Of course to create doctrine based solely on our reason is dangerous - our minds are as fallen as any other part of us, and are as subject to malfunction as our hearts or eyes. We simply don't think clearly in this world - the most brilliant preachers and theologians in history (I think offhand of Jonathan Edwards, Charles Spurgeon, D. Martyn Lloyd-Jones, and J.I. Packer - with a little work I could extend the list a long way) have not been as brilliant as they would have been had there never been a fall. Every one of us, from little children just born to certified geniuses, suffer from the effects of the fall on our minds. This is one reason why we must always derive our doctrine from the Scriptures, and subject our doctrine to the Book, for there is no human mind capable of infallibly reasoning its way to the truth.

And when we think of the

At the Pleasure of the Savior (A Big Recovery Key)

One of my favorite series I catch on Netflix is "The West Wing." While watching it, I became aware of a standard response regarding the president's staff: "I serve at the pleasure of the President." I don't know if this response really exists or if it was just for dramatic purposes. But I started thinking about the service issue.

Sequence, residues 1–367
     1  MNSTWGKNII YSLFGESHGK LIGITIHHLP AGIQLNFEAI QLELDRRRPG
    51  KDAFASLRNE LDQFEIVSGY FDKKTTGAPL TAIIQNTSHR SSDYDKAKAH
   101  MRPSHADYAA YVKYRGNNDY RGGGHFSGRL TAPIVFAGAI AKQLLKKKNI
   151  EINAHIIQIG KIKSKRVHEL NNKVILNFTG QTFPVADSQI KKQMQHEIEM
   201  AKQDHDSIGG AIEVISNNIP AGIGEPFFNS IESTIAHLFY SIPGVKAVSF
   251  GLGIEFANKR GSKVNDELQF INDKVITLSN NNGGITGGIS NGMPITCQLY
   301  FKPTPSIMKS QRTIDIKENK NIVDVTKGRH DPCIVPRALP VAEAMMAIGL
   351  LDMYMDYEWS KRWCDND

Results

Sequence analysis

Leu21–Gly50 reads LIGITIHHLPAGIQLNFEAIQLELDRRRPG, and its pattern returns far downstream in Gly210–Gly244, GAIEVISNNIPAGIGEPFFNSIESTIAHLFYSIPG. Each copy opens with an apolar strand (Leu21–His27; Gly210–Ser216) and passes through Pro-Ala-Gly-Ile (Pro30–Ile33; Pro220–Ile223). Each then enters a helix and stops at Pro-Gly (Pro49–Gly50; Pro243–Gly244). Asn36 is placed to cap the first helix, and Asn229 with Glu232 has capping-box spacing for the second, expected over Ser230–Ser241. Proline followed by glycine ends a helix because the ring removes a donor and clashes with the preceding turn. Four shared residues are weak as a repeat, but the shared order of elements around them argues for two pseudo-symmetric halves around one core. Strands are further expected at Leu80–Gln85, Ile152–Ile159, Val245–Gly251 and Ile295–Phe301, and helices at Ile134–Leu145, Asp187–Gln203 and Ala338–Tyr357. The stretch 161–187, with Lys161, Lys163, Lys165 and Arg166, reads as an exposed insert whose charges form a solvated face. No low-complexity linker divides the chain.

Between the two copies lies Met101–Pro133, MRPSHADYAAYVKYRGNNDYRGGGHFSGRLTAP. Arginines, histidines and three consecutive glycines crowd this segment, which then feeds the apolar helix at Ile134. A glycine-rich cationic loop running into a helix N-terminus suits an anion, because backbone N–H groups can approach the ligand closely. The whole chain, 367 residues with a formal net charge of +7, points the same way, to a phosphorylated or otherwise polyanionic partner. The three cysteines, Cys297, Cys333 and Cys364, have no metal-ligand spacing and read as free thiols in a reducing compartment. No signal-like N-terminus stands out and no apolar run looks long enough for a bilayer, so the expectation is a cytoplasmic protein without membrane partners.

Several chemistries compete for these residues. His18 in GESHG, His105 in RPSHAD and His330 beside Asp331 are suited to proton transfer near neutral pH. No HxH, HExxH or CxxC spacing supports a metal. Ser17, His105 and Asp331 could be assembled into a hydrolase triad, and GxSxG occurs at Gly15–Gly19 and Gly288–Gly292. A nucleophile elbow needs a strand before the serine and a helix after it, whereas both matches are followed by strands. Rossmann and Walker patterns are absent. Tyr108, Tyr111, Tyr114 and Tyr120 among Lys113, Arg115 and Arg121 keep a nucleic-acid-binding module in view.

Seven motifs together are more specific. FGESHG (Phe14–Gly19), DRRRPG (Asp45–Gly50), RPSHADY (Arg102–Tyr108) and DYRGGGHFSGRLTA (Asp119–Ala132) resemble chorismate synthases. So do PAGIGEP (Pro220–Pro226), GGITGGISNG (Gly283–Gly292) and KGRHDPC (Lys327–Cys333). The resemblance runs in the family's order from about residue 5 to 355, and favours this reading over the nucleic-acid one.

When I was thirteen, I served as a waitress for my cousin's wedding. Thank you. Yes, I'm still recovering. Let's just say I was not skilled. I tried not to spill food, break plates and grumble. It was not an easy feat. So, I had a negative view of serving.

But, alas, it's all over the place in Christianity, isn't it?

Thou shalt fear the LORD thy God, and serve him, and shalt swear by his name." Deuteronomy 6:13

"...what doth the LORD thy God require of thee, but to fear the LORD thy God, to walk in all his ways, and to love him, and to serve the LORD thy God with all thy heart and with all thy soul," Deuteronomy 10:12